Today, the honourable Supreme Court of the Republic of India criminalised (or rather, re-criminalised) homosexuality. You can read an NDTV report on the matter here.
The court hid behind the argument that only Parliament can make and amend laws, not the judiciary. Technically correct but hugely hypocritical given the spate of judicial activism that's been the norm for some time now.
The reaction from the chattering classes was immediate and it was sharp. Social media dropped like a ton of bricks on the judgement and rightly so. In this charge, one of the more common adjectives used to criticise this judgement was "medieval". Here are a few screen-grabs from Twitter:
Living in medieval times are we? #377
— Ankita Chaudhuri (@Ankitawrites) December 11, 2013
Sad sad verdict Sec 377. Back to
medieval era? Total violation of an individual's right to EXIST! C'mon!!
— Nalini Rathnam (@nalinirathnam) December 11, 2013
The Supreme Court judgement on Article 377 is a step backwards towards barbarism and medievalism.
— Ramachandra Guha (@Ram_Guha) December 11, 2013
While a lot of humanity has certainly gotten better since medieval times, the use of the adjective "medieval" is simply inaccurate here in this context. India has never criminalised or stigmatised homosexuality, and certainly did not in the medieval age.
This here is a passage from Babur's autobiography, the Babarnama:
In those leisurely days I discovered in myself a strange inclination, nay ! as the verse says, 'I maddened and afflicted myself for a boy in the camp-bazar, his very name, Baburi, fitting in. Up till then I had had no inclination for any-one, indeed of love and desire, either by hear-say or experience, I had not heard, I had not talked. At that time I composed Persian couplets, one or two at a time ; this is one of the them :
May none be as I, humbled and wretched and love-sick;
No beloved as thou art to me, cruel and careless.
From time to time Baburi used to come to my presence but out of modesty and bashfulness, I could never look straight at him ; how then could I make conversation (ikhtildt) and recital (hikayat) ? In my joy and agitation I could not thank him (for coming); how was it possible for me to reproach him with going away? What power had I to command the duty of service to myself? One day, during that time of desire and' passion when I was going with companions along a lane and suddenly met him face to face, I got into such a state of confusion that I almost went right off. To look straight at him or to put words together was impossible. With a hundred torments and shames, I went on. A (Persian) couplet of Muhammad Salih's came into my mind:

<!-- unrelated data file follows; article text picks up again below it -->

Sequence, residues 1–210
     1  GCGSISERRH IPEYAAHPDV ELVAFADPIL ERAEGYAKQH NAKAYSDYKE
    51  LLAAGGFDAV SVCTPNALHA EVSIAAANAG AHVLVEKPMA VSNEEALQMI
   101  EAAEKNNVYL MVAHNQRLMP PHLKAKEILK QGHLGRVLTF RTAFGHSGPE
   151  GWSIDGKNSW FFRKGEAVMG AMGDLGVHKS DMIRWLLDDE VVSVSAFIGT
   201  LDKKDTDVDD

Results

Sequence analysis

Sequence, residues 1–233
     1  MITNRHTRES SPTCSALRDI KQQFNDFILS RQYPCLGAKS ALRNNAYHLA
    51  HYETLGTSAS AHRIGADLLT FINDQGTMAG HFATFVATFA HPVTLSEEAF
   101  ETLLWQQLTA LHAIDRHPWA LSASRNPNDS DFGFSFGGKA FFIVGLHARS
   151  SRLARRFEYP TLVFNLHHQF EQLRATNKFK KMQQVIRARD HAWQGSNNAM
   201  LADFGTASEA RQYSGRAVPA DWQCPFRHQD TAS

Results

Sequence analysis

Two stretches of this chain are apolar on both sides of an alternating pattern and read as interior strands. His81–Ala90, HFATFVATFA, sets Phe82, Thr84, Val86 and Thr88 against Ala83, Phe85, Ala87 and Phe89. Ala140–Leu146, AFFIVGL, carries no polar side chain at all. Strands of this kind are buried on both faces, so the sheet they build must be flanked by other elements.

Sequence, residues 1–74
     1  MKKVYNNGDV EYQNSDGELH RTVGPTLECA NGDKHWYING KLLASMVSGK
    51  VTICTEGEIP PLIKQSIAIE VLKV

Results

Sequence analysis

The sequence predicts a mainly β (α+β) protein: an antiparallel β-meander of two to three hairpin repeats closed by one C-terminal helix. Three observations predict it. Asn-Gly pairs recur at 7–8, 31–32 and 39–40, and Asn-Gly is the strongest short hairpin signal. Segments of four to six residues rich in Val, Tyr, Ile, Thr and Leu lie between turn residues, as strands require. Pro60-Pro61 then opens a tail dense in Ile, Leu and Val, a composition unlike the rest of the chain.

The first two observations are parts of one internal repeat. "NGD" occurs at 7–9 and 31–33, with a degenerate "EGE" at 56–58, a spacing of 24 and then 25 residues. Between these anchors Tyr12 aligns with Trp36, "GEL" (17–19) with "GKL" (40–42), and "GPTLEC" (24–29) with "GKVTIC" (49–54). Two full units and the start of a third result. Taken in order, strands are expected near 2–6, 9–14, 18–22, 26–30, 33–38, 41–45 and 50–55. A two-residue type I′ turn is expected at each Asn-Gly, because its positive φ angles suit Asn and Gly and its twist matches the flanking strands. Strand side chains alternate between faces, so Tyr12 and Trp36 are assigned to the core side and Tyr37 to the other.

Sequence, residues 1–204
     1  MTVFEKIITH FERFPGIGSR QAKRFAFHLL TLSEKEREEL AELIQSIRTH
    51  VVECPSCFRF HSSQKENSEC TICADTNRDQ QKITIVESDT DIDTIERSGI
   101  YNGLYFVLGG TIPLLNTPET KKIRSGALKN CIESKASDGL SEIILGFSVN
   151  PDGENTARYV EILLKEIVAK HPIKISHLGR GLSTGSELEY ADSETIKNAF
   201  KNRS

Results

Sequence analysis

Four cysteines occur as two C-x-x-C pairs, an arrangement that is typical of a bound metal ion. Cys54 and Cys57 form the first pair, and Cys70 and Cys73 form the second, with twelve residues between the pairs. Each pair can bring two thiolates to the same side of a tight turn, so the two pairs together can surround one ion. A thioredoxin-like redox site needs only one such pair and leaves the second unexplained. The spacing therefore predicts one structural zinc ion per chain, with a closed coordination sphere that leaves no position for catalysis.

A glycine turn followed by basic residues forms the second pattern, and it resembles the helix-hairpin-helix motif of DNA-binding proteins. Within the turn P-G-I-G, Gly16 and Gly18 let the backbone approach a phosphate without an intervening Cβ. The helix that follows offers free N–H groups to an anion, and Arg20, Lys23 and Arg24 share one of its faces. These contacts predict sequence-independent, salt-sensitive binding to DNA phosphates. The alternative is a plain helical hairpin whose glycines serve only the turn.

I am abashed with shame when I see my friend ;
My companions look at me, I look the other way.
That couplet suited the case wonderfully well. In that frothing of desire and passion, and under that stress of youthful folly, used to wander, bare-head, bare-foot, through street and lane, hard and vineyard. I shewed civility neither to friend nor anger, took no care for myself or 'others.
Out of myself desire rushed me, unknowing
That this is so with the lover of a fairy-face.
Sometimes like the madmen, I used to wander alone over hill and plain; sometimes I betook myself to gardens and the suburbs, lane by lane. My wandering was not of my choice, I decided whether to go or stay.
Nor power to go was mine, nor power to stay ;
I was just what you made me, o thief of my heart.
As is quite clear, not only does Babur have romantic feelings for a person of the same sex, in the society of the time they are completely "normal". Babur has written of them openly in his autobiography. Not only that, 50 years later, his grandson, Akbar would have this translated from the original Turki to Persian by his courtier Rahim (him of the dohas) and even then no one found anything in the Baburnama that was illegal or would cause embarrassment.
This Indian attitude that we have towards homosexuality is a uniquely modern affliction. No use randomly slandering the blameless medieval age for it.
Note: The Baburnama translation used is by Annette Beveridge; first published: 1922